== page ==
C&AL: You’ve played a key role in the emergence of queer aesthetics and ethics in the field of contemporary Brazilian artistic production. How did you reach this conception of “invisible knowledge,” or rather, how did this conception reach you?
Pêdra Costa: The name came from a patchwork quilt of knowledge, which was created over time through observing various moments in colonial history, in direct connection with my personal history, namely: historical and artistic knowledge, and life experience. As my friend Musa Michelle Mattiuzzi says: according to the colonial project, only white people were supposed to exist today. So what went wrong with that plan? That’s where invisible knowledge comes in. Not to give an answer, because the answer’s already been given, but to indicate anti-colonial pathways and ways of surviving necropolitics. It’s knowledge that I continue to develop and that will never be complete. It’s nothing new and it already exists in many forms and under other names, surrounding architecture, immigration, ancestry, epistemicide, social class, the queer Global South, intuition, artistic and religious practices. And, most importantly, knowledge that this plan tried to erase, but which continue to develop and seek out other ways of being in the world, and which have a direct connection with my body. I’m still looking for a way to talk about it, since recognizing this demands life experience. Just talking about it doesn’t reveal the enormity of this process. Invisible knowledge is the crossroads.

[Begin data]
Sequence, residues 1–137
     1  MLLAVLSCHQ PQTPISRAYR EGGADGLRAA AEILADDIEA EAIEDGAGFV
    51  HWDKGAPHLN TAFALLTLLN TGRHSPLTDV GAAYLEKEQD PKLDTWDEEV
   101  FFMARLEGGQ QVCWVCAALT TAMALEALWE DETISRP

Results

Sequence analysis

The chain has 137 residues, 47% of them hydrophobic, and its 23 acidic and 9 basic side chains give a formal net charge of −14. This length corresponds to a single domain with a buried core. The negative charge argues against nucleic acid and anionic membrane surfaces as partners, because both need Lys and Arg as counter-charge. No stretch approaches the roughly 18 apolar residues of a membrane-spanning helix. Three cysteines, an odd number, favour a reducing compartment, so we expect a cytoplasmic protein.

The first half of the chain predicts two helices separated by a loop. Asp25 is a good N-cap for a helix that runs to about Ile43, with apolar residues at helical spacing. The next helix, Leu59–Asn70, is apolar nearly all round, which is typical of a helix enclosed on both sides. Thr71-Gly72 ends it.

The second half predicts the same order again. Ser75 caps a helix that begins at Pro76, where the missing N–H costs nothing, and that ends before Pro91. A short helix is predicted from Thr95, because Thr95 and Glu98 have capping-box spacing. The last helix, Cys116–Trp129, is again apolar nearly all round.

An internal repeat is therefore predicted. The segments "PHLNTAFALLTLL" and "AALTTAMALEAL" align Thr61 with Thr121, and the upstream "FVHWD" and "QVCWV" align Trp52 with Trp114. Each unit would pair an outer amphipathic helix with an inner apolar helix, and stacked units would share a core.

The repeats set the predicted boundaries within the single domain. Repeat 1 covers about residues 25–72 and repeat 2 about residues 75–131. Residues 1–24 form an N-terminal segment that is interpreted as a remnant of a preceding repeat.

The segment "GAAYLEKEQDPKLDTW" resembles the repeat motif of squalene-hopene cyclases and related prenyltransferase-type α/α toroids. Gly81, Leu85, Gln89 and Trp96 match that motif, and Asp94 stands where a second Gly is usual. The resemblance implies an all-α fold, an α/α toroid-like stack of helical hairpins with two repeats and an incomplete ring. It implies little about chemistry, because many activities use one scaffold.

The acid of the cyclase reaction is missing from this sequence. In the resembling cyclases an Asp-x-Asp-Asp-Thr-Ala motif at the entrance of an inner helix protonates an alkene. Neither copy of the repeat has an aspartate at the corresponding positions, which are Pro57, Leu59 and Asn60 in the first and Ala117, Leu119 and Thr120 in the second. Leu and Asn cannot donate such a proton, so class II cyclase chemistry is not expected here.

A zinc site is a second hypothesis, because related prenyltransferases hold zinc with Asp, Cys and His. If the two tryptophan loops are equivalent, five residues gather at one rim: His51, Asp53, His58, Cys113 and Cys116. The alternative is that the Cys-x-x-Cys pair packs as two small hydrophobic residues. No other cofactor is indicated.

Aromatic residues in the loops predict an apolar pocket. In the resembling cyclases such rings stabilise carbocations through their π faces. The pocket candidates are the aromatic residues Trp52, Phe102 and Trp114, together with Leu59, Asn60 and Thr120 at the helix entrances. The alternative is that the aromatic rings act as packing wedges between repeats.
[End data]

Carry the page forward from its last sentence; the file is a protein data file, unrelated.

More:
C&AL: One particularly intriguing thing is the relationship between this concept and modes of the social, historical, and intimate organization of violence. “Invisible knowledge” is also “resilient knowledge”, which crosses its own extinction and manifests itself through time. You elaborate on this in a project called “Violence in the Arts”. How do violence and art link together in what you put forth, and in your career as an artist?
PC: This knowledge is sensitive. Therefore, it’s also empathic and, in order to be sensitive and empathic, it has to be resilient. Otherwise it’s just painful and processes don’t change. This knowledge brings resilience with it, but it’s up to us whether we access it and break free from the prison of trauma, if that’s possible. It’s just like you said yourself: the world is my trauma. And I believe that this is revolutionary, in the sense of going against the capitalist/colonial system in which we live. And there are no formulas: it’s sensitive, it’s collective, it’s resilient, it’s anti-colonial – all at the same time. And every way of manifesting it is unique. It seems paradoxical to have all these characteristics, but it’s not. It’s a crossroads. My work is based and fed on and by violence, which is decoded, transformed and given back in an aesthetic way. Some people find the result violent. I don’t, if you compare it with my entire personal history of violence. And I show my work in an often festive, amusing, fun way, but always straight to the point, whether that’s visible to the public or not.